The good mood neurotransmitter serotonin is made from amino acid precursors (L-tryptophan and 5-HTP), and evidence supports intake of these precursors to improve mood. Amino acids are the natural components of protein-rich food. The amino acids L-tyrosine and DL-phenylalanine are the precursors to dopamine and noradrenalin – neurotransmitters associated with mood, motivation and reward. Nutrient co-factors vitamins B3 and B6, are required for the transformation of amino acids into neurotransmitters. Other amino acids including L-taurine, L-theanine and L-glycine can have a calming effect which may reduce and anxiety and improve sleep.
The herb St John’s Wort (Hypericum) is shown to be similarly effective as standard antidepressants, and have fewer side effects than standard antidepressants, in people with depression. Good evidence also supports the use of bright light therapy (light boxes) for seasonal and non-seasonal depression, with a similar level of effectiveness to that typically found in antidepressant drug trials.
The nutritional therapy approach is informed by research evidence, clinical expertise, and the preferences of the individual to provide a personalised nutrition and lifestyle programme. Lab tests can be used to assess nutrient status and other biochemical factors. Dietary supplements may be used to address any nutrient shortfall in the short-term whilst improvements to dietary intake are made. Drug-nutrient interactions are carefully managed.
Most people benefit from nutritional therapy, including those who already think they eat a healthy diet. In reality, most people don’t eat as well as they would like to think they do, and many will have individual factors which affect their nutritional status and brain chemistry. Nutritional therapy works well alongside other therapies, and indeed, other therapies may be more effective in someone whose brain biochemistry is in better balance. People typically experience improvements in their physical health as a side-effect of a nutritional therapy programme. We find that people are increasingly interested in utilising a wide range of therapies to support their recovery, especially approaches which they consider to be ‘natural’.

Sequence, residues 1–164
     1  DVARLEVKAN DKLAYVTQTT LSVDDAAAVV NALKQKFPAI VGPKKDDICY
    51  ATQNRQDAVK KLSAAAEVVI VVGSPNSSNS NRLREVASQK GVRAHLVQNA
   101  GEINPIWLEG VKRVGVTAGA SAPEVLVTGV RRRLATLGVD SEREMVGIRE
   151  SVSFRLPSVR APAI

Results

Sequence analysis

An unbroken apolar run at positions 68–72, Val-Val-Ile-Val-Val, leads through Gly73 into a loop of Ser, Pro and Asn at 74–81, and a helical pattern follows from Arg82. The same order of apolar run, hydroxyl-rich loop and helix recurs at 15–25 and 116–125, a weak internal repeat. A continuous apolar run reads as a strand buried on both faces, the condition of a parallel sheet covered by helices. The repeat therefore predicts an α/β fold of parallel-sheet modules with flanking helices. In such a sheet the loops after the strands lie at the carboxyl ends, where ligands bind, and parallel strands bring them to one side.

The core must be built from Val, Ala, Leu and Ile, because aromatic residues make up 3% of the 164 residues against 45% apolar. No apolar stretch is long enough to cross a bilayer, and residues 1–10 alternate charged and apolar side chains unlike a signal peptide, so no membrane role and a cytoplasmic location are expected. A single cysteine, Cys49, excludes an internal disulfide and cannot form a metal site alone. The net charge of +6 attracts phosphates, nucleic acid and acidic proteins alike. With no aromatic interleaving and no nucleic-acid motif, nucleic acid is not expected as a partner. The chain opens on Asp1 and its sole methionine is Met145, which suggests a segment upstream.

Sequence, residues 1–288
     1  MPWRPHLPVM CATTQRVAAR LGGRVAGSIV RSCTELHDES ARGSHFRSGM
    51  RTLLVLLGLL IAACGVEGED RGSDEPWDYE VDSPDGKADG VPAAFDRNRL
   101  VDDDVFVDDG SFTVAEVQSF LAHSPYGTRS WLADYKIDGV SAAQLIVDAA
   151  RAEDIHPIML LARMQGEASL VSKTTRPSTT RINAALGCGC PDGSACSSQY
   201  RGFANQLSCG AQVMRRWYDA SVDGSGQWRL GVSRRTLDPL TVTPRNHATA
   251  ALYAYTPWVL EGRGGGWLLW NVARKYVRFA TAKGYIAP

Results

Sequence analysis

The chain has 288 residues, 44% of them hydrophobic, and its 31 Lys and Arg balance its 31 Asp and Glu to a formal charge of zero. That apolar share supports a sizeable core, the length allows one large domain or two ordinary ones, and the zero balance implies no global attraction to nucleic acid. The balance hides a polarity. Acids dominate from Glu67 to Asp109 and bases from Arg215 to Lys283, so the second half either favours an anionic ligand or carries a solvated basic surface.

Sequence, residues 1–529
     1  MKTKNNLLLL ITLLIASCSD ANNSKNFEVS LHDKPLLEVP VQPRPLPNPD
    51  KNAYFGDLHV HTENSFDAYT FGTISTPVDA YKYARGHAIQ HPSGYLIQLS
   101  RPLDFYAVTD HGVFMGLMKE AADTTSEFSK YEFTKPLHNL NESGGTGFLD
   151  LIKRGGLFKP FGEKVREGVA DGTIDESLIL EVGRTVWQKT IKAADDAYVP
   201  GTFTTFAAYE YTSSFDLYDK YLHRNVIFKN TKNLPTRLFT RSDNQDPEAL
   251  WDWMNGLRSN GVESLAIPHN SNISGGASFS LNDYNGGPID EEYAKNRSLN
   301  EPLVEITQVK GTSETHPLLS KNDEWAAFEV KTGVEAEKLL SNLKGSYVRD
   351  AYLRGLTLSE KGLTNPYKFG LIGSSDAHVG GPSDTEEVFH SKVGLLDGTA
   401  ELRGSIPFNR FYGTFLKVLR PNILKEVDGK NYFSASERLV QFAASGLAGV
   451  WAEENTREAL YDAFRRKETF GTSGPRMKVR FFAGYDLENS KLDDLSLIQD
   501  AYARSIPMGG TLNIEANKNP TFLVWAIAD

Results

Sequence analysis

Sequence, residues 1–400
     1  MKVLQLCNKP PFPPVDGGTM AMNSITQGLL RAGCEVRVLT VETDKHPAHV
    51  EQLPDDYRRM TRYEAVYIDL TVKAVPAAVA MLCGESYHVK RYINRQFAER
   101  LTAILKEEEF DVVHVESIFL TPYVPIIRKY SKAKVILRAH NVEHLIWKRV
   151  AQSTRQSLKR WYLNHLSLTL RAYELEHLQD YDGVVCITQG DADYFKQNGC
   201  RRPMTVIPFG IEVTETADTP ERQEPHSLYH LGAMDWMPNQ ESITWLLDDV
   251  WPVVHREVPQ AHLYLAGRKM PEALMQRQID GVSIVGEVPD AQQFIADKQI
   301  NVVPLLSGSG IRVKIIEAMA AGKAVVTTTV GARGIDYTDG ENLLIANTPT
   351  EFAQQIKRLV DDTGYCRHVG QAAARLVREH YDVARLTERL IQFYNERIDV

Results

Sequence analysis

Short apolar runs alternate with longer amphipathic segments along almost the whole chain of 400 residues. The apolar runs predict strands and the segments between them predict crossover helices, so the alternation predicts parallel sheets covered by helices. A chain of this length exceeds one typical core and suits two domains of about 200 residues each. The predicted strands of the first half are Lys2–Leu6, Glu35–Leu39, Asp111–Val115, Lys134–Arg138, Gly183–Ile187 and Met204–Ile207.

Deborah Colson, Addcounsel
MSc DipION mBANT CNHC
Deborah has been specialising in nutritional approaches to support psychiatric and neurological health, including addition recovery since 2002. Nutritional Therapy is an evidence-based therapy, which complements medicine and other therapies. It involves managing nutritional and biochemical factors which contribute to substance use disorders and other issues, with a practical, personalised plan for each individual that takes into account their unique lifestyle and dietary preferences, their nutritional status, genetic predisposition and psychosocial factors.
Operating from Mayfair, we provide a multi-disciplinary service for those experiencing behavioural health disorders.
Our service is unique and offers:
- Each family has their own dedicated team of specialists
- We provide safe and effective detoxification services at a patient’s home or private accommodation
- Treatment is provided on a one to one basis
- We own the care plan and orchestrate and deliver the entire process
- We have a long-term perspective on supporting the family
- We have international delivery capabilities for aftercare and recovery maintenance
Our approach leverages the strength of nearly 40 carefully chosen professionals who form part of our team. Working collaboratively, we deliver our solutions through our ‘Recovery Route’ framework.
The capability to orchestrate an innovative solution which considers the complexities of a wealthy, internationally dispersed and culturally disparate group, requires significant levels of financial and operational resource. Addcounsel is backed by a high net worth family whose principal is the CEO of the business.
Addcounsel is a CQC registered provider of services covering substance misuse and mental health.